Despite obstacles set by her detractors, she persists, and she and her students flourish. Yet the traps never disappear, only multiply as other set more for her, intent on denying what they have no desire to understand. Told from the unique perspective of an artist, Suitcase Filled with Nails is a colorful, true, and timely tale about living and coping in the Middle East.

Reviews (7)
Iaran
Dr. Yvonne has the desire and courage to teach in a Kuwait. Culture clashes and attitudes towards women are difficult for an American woman to understand and accept, but "Doctora" prevails by teaching to her high standards and being respected for her work by her students. For the reader, it is good to see what life is like outside of our country.

Golden Lama
This is an interesting inside journey to a place most of us will never see for ourselves. Along the way we meet women of every personality, and most importantly, we meet women who are living in a most restrictive environment, just because they were born female. The ones who are from wealthy families are more fortunate than those from poverty, but even they have little true freedom of choice. It is hard to believe in the year 2014 such restrictions are still in place as part of a national political practice.
The author conveys her experiences vividly and brings the young women she teaches, to life and we feel we have met them in person.
All the characters that populate her story seem flesh and blood. There are even a few good men, though they are outnumbered by the controlling ones. (There are, to be fair, a couple of women who are not such good or fair people, either).
A very good writer, an interesting story, a bit of history, some art, stray cats (and a dog or three) and many moments of reading to convey the reader to another universe, yet right here on our own planet.

Abywis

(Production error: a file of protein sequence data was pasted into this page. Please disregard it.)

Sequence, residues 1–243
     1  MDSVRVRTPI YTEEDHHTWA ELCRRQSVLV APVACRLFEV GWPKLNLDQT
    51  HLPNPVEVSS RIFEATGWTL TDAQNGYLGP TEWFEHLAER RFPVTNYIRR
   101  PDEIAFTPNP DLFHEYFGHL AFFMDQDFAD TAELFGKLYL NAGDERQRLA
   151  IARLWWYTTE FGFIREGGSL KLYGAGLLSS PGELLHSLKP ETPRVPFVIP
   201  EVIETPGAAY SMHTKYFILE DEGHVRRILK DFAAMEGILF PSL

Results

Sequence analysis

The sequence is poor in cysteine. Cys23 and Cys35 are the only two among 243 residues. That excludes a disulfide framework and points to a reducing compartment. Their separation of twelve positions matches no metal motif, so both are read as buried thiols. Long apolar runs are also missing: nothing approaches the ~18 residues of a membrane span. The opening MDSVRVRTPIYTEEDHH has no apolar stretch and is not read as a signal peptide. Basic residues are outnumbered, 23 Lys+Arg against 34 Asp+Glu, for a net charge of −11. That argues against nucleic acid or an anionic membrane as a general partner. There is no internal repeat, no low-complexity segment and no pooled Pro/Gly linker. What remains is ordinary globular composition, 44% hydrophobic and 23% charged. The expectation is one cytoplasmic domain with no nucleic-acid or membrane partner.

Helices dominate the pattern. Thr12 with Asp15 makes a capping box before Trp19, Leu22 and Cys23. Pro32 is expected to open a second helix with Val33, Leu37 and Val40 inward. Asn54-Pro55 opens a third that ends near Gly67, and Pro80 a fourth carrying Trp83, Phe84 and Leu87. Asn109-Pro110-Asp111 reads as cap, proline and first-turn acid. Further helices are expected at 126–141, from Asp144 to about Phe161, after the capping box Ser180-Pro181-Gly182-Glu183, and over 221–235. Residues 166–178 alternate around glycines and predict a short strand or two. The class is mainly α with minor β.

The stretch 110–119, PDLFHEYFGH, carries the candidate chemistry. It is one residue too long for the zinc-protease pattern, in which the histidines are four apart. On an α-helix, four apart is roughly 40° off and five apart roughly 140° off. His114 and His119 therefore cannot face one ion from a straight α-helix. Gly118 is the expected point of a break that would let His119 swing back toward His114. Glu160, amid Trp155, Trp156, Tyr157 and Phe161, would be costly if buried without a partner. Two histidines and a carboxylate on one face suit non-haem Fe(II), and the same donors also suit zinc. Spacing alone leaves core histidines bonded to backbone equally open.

I purchased the book because I like learning about cultures other than my own. I know nothing about Kuwait, nor about art, so I could only be enriched by the book! She did write about Kuwaiti culture and food, which was great, and she included some portions about art, which was also nice. I love that she helped to rescue animals while there. It was well written too. The only downside, to me, was that she seemed to be about 80% negative, and only 20 % positive. For someone who stayed as long as she did, there seemed to be so little she liked about being there. I would have liked to have more beauty described to me, and surely it is there in Kuwait somewhere. Were the beaches pretty? Was the skyline of the city gorgeous? Are the mosques beautiful? Surely something was!
Still, I liked the book and was happy with my purchase.

Dogrel
I stopped and started the book several times when the author's decisions to stay and be treated like a non-person got on my nerves. Her lack of preparation for work in a country with very clear rules about interactions between men and women was irritating. I kept going back to it because the ins and outs of working in Kuwait were fascinating. Then I realized that the author could greatly enhance her professional vitae by sticking it out for several years as well as getting several grants for her work and then, Voila! a book. The light bulb went off over my head and I kept reading. Kudos to her for putting up with the awful treatment. I hope it was personally worth it.

Jugami
Fascinating book that I couldn't stop reading. It gave me insights into Kuwait but also was an intriguing novel that revealed the persistence, bravery and naiveté of the author. I loved this book - it was the perfect combination of travel writing, cultural explorations and artist insights. It ended before I was done. Which happily lead me to her next book.
Mena

Qwne
I enjoyed this book. Well-written, full of information about author's years teaching in Kuwait. We readers learn the good points and the bad ones about living and working in a country with so much red tape, government rules, and leadership in her schools. You understand first hand about the young men and women she taught, or met on the street, or in stores. I liked this book on Kindle that I'm buying the hard copy for several of my family.

Jieylau
I kept getting angry and frustrated over the injustice and corruption described by the Doctora. After the second chapter I thought I would put it away. But I didn't, and I'm grateful for that. I would have missed the best parts of the story- kindnesses and friendships and remarkable women who live a life I cannot even imagine myself living. I have to admire the Doctora- she is tough and smart. I'm so glad I stayed to find out the rest of the story.

I loved this book. It was funny and inspirational. She struggled to adjust in a new culture and stood strong through the hardships. I felt the fear and anguish of her unknowing arrival. And the joy and love she experienced. Good book. Must also read Babe in The Woods. Same author. Very Good book as well.